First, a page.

Windows 7 Forums
Welcome to Windows 7 Forums. Our forum is dedicated to helping you find support and solutions for any problems regarding your Windows 7 PC be it Dell, HP, Acer, Asus or a custom build. We also provide an extensive Windows 7 tutorial section that covers a wide range of tips and tricks.


Windows 7: are the days of separating OS partition and data partition over?


09 Jan 2012   #1

 
 
are the days of separating OS partition and data partition over?

I've been thinking about this. With the advent of so many backup software products as well as the built-in System Image/Backup in Windows 7, do we really need to go through all the trouble to have separate partitions for OS and data?

Sure, if you have a 100's of gigabytes of music or video or pictures, then it might make sense to move that off the OS partition otherwise your OS image will take forever (and the associated disk storage).

Look at it this way. If you have a ton of data, dragging 25G of OS stuff along with that data backup/image is no biggie.


My System SpecsSystem Spec
.

09 Jan 2012   #2

Windows 7 Ultimate x64 SP1
 
 

I don't see a reason or a point to "not" being past this. Why would you want your data mixed in with your OS...especially now when you can quickly redirect Libraries?

You don't need to go through any trouble to separate them. In fact, in the event of a reimage or reinstall, all you have to do is disconnect your data drive.

Why have that data included in your image, when it makes much more practical sense to have it backed up separate? I take a clean image when I reinstall, and then that's it for imaging. Afterwards, only my data is backed up. I can do a complete clean install from scratch in under 2 hours...it's my data that's important.

You can also look at it in terms of malware. If the C drive is infected, my data is separate. That's less chance of my data becoming infected, and much easy to reinstall/reimage/recover/ etc.
My System SpecsSystem Spec
09 Jan 2012   #3

Windows 7
 
 

No. The horror of having to image 400Gb rather than 20Gb or so would mean I would be very unlikely to do it at all.

Lightweight as possible C: on a not too large a partition works for me; this also can mean that the system is automatically kept on the fastest part of the drive even if it gets a bit fragmented at times.
My System SpecsSystem Spec
.


09 Jan 2012   #4

 
 

Quote   Quote: Originally Posted by sbrads View Post
No. The horror of having to image 400Gb rather than 20Gb or so would mean I would be very unlikely to do it at all.

Lightweight as possible C: on a not too large a partition works for me; this also can mean that the system is automatically kept on the fastest part of the drive even if it gets a bit fragmented at times.
Correct. That's why I qualified my statement based on how much data one might have.
My System SpecsSystem Spec
09 Jan 2012   #5

 
 

Quote   Quote: Originally Posted by DeaconFrost View Post
I don't see a reason or a point to "not" being past this. Why would you want your data mixed in with your OS...especially now when you can quickly redirect Libraries?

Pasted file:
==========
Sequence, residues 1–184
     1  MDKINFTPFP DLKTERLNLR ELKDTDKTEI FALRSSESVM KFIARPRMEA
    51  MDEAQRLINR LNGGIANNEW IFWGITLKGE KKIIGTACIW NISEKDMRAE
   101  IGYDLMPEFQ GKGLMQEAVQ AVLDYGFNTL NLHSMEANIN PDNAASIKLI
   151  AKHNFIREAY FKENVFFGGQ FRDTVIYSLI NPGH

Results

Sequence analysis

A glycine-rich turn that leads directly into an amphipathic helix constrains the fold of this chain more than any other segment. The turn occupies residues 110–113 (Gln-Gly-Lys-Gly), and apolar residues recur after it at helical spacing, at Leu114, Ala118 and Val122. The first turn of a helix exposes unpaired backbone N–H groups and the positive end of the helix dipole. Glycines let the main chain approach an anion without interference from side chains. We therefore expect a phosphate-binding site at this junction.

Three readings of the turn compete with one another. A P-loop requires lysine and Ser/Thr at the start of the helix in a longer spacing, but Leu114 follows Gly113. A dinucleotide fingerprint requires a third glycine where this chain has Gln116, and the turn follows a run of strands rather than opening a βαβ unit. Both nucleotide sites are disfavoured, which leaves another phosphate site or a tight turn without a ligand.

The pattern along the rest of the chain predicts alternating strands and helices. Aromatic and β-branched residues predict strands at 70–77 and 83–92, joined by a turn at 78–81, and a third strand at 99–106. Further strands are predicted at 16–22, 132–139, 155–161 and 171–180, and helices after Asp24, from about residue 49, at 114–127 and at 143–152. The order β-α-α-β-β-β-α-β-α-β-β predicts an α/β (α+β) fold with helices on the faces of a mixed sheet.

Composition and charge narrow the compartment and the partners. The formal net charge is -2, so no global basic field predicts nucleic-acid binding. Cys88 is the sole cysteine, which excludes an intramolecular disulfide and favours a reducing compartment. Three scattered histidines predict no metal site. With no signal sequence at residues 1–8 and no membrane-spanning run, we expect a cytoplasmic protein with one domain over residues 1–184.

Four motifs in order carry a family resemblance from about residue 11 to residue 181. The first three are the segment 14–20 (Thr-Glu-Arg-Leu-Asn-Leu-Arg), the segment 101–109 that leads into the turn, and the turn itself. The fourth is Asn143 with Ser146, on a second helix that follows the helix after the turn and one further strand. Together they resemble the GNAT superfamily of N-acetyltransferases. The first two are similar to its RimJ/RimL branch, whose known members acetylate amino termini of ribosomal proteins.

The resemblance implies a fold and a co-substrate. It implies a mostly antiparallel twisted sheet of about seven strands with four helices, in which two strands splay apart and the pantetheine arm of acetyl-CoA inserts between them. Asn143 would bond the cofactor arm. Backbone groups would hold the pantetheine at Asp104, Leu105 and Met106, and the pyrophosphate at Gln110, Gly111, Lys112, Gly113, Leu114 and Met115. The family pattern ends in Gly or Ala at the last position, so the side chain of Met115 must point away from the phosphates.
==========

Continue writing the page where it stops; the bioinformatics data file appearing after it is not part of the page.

You don't need to go through any trouble to separate them. In fact, in the event of a reimage or reinstall, all you have to do is disconnect your data drive.

Why have that data included in your image, when it makes much more practical sense to have it backed up separate? I take a clean image when I reinstall, and then that's it for imaging. Afterwards, only my data is backed up. I can do a complete clean install from scratch in under 2 hours...it's my data that's important.

You can also look at it in terms of malware. If the C drive is infected, my data is separate. That's less chance of my data becoming infected, and much easy to reinstall/reimage/recover/ etc.
WHY does it make more sense to back up OS and data partitions separately when an image will do it in one fell swoop? And I was also assuming some regular images would be occurring after the initial install.
My System SpecsSystem Spec
09 Jan 2012   #6

Windows 7 Ultimate x64 SP1
 
 

If you feel like backing up all of that data each and every time, sure. If that works for you, so be it....but there's never been a good reason to keep your data mixed in with the OS. Why do you think we see so many threads asking on how to take permission and ownership of files? Because the process isn't thought out and planned properly.

My OS drive contains only things I can quickly install, if need be. Nothing else. If my C drive dies, I can reimage from a while ago, or spend just under 2 hours with a clean install. My data is separated to keep it isolated. I use SyncToy to keep my data on D backed up to my server.

Maybe I am not making it clear, so let me try this. Yes, and image works, but why would I want to take the time to backup apps and games each time that I could just reinstall, if necessary? My data and saved games are what would be important. So I'll back them up. I don't use images as backups, and I don't consider images as backups. I consider it a snapshot that could take the place of a fresh install. As long as my data is safe, I'm fine.

I'm a big believer in simplifying. I can schedule SyncToy to run whenever I want and grab whatever I want. My server runs WHS 2011, and I don't even use the built-in imaging tools. I keep my data safe on the RAID5 array, and then I have a huge external drive that gets connected once every two weeks for a backup of the server. Very important stuff I keep encrypted and stored out in the cloud.
My System SpecsSystem Spec
09 Jan 2012   #7

Windows 7 Ultimate SP1 64-Bit